Dupont Circle’s Ozio Lounge at 18th and M NW is getting the city’s second sportsbook located outside of a stadium or sports venue.
The first was Grand Central in Adam’s Morgan, which one year into its operation, is satisfied with the new venture.
Grand Central is an 18th Street staple which offers food, drinks and multiple dance floors to a lively regular weekend crowd.
It now has a new logo and website design to advertise sports betting front and center, but maintains that they aren’t nervous about losing their regular crowd.
When asked how Grand Central changed their marketing strategy since beginning to offer sports betting, Manager Evan Crawford told The Wash, “The party crowd and the gambling crowd are two different things.” He added that they advertised they would start offering gambling to draw a new type of crowd “Because [sports betting] is a new attraction, especially in D.C.”
Crawford and his staff are not worried that the growing sports betting crowd will push out the regulars or change Grand Central’s appeal for people that don’t want to bet.
“We’ve got the people that want to come out and watch the games,” he said. “We’ve got the people that want to bet, and we’ve got people that just want to come out to drink.”
When Grand Central first started offering sports betting a year ago, Crawford said bettors used to spend barely $1,000 a night. Now, however, the combination of community marketing, a steady regular crowd, and ease of use for the betting equipment brings in at least $10k-$20k a night.
Crawford discussed additional benefits of his bar having more money from the huge success of the sports betting.
He said, “It’s life changing for the people that work here. It’s life changing for the city, it’s bringing more and more income, in taxes for the schools and roads in those connected communities.”
And the draw of the sports book continues to grow. Crawford added, “We started off with two kiosks, and now we upgraded to four kiosks.” Patrons can either bet in person at one of the kiosks or scan QR codes placed around the bar to their phones to bet live during games.
Crawford said that the NFL season brings in regulars every Sunday to watch, bet, or just drink, though there’s an existing crowd of regular customers that contribute to the bar’s main income. Crawford is also expecting large crowds drawn by the MLB postseason which began this week.
The sports betting has drawn enough of a crowd that Crawford said Grand Central is opening a second location on H Street in the Northeast Corridor sometime next year.
Grand Central currently hosts the only independently operated sports betting in the United States, though more are on the way for the D.C. area. Ozio Lounge and other future locations like Cloakroom in Mount Vernon Triangle will also be independently operated.
D.C. originally legalized sports betting in 2018, but both Grand Central’s existing stations and Ozio Lounge’s soon-to-open system are the first locations to host sports betting outside of the stadiums in the area since legalization.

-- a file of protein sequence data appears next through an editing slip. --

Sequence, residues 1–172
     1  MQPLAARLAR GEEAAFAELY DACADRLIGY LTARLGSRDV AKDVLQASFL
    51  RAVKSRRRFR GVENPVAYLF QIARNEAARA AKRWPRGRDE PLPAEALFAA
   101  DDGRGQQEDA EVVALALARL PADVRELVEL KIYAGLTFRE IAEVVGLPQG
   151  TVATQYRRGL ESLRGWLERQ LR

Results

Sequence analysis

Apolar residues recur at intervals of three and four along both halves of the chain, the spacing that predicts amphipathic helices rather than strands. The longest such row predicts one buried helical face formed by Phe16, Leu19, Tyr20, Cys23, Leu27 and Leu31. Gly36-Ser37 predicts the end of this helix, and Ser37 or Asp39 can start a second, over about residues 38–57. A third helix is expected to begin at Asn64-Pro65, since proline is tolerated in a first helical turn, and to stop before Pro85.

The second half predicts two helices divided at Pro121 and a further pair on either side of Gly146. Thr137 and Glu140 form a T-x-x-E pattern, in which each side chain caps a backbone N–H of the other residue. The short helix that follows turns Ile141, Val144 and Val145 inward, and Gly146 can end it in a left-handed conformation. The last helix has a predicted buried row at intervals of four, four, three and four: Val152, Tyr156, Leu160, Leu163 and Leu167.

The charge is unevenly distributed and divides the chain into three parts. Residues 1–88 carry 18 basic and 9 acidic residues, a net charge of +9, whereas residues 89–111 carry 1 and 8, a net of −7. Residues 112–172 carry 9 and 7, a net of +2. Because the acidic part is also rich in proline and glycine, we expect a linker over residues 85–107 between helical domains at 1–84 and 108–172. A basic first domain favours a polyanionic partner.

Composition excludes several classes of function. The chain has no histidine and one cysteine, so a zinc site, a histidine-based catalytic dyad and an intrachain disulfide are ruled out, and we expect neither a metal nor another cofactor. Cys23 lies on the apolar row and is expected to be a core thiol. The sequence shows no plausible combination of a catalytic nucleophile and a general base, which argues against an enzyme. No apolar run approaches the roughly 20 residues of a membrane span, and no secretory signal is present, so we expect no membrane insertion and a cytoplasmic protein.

Like Grand Central, Ozio Lounge will carry a Class B gambling license. This particular license allows any type of business such as hotels, bars, or restaurants to offer sports wagering on site. The license also specifies that there is no restriction on the type of business the Class B license holder can operate as, though it cannot be in business for the sole purpose of offering sports gambling. For example, a bar or restaurant can obtain a license for sports betting while still maintaining its operations as a bar.
D.C.’s stadiums offer sports betting with a Class A license, which operates differently. The stadiums are not operated independently. The stadiums that offer betting in D.C. include Capital One Arena, Audi Field, Nationals Park, and St. Elizabeth’s East Entertainment and Sports Arena.
According to D.C.’s Office of Lottery and Gaming, the types of wagers allowed in Class B operations include “single-game bets, teaser bets, parlays, over-under, moneyline pools, exchange wagering, in-game wagering, in-play bets, proposition bets and straight bets on sporting events.” The website’s FAQ section also provides a list of sports allowed and other limitations and information for businesses considering a license.
The Office of Lottery and Gaming is the D.C. government’s regulatory body over privately-operated sports wagering in D.C. OLG operates under the D.C. Lottery. A spokesperson for the Office of Lottery and Gaming did not respond in time to requests for comment.**
According to Ozio Lounge staff, the Covid-19 pandemic flattened nightlife attendance in D.C., and nightclubs like Ozio are still feeling the effects and trying to fight their way back.
Management declined an interview request about details of its new betting station approval.
Meanwhile, the post-pandemic resurgence of the nightlife scene is instead happening in more suburban areas like Arlington rather than in Washington. Bars like Ozio Lounge are hoping the addition of sports betting will draw new crowds and re-inject life into Washington’s diminished club scene.
Great article! Will be interesting to see if bars that offer sports betting continue to grow their business.
I remember the days of OTB on horse racing all over NYC in the 1970s.